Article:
Giving Girls the Boost They Need to Cope in Life


More than 48 million girls followed adults’ footsteps last year on Take Our Daughters to Work Day. And this year, founders of the event are determined to leave a more lasting impact.

That will come in the form of a powerful book called “Girls Seen and Heard: 52 Life Lessons for Our Daughters” (Tarcher), which is being released today, on the sixth annual Take Our Daughters to Work Day. The idea behind the book, written by the Ms. Foundation for Women and journalist Sondra Forsyth, is to take the lessons learned during the fleeting, once-a-year event and extend them to girls in daily life.

The book should help dispel any image of the event as one that is gimmicky, superficial or unfair to boys. The fact is, girls are disadvantaged in our current culture and require special attention during the key years of transition to adolescence.

Based on the groundbreaking research by Harvard researcher Carol Gilligan, “Girls Seen and Heard” addresses her discovery that girls start out confident about themselves but, by age 16 or so, are confused about their roles and have lost their self-esteem.


While Gilligan’s early work was very theoretical and, at times, hard to read and apply practically, this book makes the knowledge usable. It’s a collection of 52 short chapters, each addressing a singular topic or “lesson.” It’s designed to be interactive between a mother--or a father--and daughter or any girl and her mentor. For example, each chapter contains advice for the adult on how to act and what to say to girls to reinforce values and thinking that will help them to remain confident, vocal and visible.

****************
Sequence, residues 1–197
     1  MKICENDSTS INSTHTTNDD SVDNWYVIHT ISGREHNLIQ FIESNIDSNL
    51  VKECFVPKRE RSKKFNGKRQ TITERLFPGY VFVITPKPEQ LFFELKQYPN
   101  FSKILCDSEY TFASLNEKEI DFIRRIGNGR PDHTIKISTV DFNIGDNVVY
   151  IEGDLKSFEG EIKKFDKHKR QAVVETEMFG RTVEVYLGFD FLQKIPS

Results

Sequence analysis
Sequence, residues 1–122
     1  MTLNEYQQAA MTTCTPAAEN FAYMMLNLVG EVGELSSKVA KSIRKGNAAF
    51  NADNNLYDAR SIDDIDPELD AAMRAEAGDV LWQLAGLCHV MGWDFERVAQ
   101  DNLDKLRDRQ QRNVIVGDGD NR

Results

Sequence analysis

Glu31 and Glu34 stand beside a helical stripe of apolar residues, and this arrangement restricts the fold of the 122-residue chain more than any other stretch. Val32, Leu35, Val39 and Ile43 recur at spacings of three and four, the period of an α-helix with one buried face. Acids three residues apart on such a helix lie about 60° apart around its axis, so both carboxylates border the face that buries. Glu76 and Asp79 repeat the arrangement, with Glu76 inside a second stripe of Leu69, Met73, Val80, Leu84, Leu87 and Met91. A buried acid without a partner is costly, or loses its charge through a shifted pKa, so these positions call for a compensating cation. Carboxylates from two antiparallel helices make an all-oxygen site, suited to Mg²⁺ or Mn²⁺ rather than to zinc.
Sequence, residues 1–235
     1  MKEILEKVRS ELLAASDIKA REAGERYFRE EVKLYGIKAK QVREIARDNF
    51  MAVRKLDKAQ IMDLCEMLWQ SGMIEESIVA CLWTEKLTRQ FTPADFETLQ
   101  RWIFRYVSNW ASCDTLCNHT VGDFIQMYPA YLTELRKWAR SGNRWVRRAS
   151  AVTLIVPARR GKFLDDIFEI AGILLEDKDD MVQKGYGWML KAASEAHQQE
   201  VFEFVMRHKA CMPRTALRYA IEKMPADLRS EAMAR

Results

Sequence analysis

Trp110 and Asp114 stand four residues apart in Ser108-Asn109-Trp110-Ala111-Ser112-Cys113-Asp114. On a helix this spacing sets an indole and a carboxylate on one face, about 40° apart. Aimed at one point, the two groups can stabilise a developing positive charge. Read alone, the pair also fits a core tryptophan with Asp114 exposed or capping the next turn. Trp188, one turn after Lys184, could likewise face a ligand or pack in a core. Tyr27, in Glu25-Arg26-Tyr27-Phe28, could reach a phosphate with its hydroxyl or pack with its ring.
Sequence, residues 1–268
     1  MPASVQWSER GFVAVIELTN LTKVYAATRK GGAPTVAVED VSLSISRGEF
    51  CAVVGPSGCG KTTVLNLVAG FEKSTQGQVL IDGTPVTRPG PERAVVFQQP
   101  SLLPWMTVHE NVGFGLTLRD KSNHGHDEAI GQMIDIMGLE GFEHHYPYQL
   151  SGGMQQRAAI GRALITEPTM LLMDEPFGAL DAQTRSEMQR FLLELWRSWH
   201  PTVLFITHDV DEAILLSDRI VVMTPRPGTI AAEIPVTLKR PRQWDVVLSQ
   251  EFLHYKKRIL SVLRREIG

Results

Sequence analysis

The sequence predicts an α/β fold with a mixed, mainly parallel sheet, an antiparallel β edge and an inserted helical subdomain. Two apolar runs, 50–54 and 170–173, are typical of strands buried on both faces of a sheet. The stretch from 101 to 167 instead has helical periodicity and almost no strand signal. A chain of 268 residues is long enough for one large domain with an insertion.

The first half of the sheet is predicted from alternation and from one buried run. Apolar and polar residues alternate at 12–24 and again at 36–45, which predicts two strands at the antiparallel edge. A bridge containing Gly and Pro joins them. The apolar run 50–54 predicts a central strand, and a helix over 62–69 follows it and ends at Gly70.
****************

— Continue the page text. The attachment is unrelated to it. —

Each chapter also has an activity or two for the girl to do, usually in the form of writing in a journal.

“This book has been written in response to a need: the deluge of calls, letters, faxes and e-mails we have received and responded to over the years. Time and again we have been asked: How can we build girls’ confidence not just on one day, but every day?” write Gilligan and Ms. Foundation president Marie C. Wilson, in the preface.

“Girls” is not just tips on how to rear strong, confident girls, however. Some of the most thoughtful work centers on the authors’ emphasis that many fallacies are harmful to girls and need to be undone. For instance, many parents believe adolescence is rocky because girls need to break away from their mothers.


“One myth says the goal of adolescence is to separate from your daughter. We see it another way. The goal is to build a strong relationship with your daughter, based on her evolving differently,” they write. Moreover, the authors caution against trite advice to girls such as, “You can be anything you want to be.” Girls know that this is simply not true. That phrase denies the real problem that needs to be addressed on the unequal division of labor between the sexes.

Another eye-opening lesson is to resist urging girls to be strong and independent in a way that usurps the ability to work collaboratively.

Also, the book advises parents not to rush girls into womanhood. Adolescents may act too cool to be hugged or kissed by their parents or thrown a surprise birthday party or given a stuffed animal for their beds. They’re not--they still need their mommies and daddies.



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